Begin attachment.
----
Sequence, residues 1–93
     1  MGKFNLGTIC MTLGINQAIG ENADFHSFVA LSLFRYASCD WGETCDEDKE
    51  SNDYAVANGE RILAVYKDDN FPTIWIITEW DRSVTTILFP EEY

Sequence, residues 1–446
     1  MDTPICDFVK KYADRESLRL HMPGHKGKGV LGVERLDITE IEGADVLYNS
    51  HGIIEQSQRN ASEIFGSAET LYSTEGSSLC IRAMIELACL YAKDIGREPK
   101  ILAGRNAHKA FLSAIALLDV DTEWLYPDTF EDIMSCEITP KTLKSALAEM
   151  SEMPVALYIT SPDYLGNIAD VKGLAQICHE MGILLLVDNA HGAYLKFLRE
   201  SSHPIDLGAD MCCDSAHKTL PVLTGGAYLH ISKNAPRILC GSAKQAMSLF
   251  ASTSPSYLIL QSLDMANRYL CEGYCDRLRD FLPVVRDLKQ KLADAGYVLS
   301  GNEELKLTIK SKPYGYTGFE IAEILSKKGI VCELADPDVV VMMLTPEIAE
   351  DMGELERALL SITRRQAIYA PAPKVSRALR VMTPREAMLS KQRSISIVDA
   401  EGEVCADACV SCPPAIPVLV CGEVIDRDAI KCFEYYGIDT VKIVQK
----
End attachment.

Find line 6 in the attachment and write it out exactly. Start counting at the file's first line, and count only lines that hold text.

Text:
    51  HGIIEQSQRN ASEIFGSAET LYSTEGSSLC IRAMIELACL YAKDIGREPK